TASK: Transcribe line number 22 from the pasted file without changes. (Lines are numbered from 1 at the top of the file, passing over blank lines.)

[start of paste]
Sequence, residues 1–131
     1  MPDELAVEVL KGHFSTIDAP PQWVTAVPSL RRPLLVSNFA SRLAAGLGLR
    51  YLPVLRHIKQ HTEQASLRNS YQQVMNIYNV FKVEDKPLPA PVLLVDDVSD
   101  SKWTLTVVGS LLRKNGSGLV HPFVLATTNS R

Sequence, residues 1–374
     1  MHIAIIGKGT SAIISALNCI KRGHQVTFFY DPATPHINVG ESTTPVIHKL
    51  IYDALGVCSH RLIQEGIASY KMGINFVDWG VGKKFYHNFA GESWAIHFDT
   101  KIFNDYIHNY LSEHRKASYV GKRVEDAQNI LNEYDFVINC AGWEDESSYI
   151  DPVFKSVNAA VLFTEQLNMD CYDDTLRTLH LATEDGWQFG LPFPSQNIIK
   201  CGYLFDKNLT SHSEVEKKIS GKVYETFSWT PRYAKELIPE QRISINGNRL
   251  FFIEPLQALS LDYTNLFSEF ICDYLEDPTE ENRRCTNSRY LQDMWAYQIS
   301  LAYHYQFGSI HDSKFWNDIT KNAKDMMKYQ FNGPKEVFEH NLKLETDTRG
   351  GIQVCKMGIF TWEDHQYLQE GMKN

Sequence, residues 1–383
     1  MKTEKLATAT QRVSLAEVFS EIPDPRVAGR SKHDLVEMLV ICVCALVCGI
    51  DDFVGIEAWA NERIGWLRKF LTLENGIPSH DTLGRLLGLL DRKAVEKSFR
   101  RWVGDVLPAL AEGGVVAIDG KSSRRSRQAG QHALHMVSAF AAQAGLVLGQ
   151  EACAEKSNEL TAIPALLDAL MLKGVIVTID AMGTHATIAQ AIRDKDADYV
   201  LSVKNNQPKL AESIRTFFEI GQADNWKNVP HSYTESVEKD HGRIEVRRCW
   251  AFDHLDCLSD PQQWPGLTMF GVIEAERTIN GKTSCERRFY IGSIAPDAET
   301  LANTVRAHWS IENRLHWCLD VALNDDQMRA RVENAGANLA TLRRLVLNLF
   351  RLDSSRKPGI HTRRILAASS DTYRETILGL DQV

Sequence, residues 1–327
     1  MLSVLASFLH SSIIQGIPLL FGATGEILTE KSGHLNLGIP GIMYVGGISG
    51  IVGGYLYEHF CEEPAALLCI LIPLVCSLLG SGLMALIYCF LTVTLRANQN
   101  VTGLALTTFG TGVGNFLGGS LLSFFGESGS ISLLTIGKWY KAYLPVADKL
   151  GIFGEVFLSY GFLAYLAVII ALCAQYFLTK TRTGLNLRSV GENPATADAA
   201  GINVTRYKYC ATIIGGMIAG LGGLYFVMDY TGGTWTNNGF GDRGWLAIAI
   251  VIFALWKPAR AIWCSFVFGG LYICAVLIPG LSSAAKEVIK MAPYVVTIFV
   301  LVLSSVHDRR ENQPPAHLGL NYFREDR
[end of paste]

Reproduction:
   351  RLDSSRKPGI HTRRILAASS DTYRETILGL DQV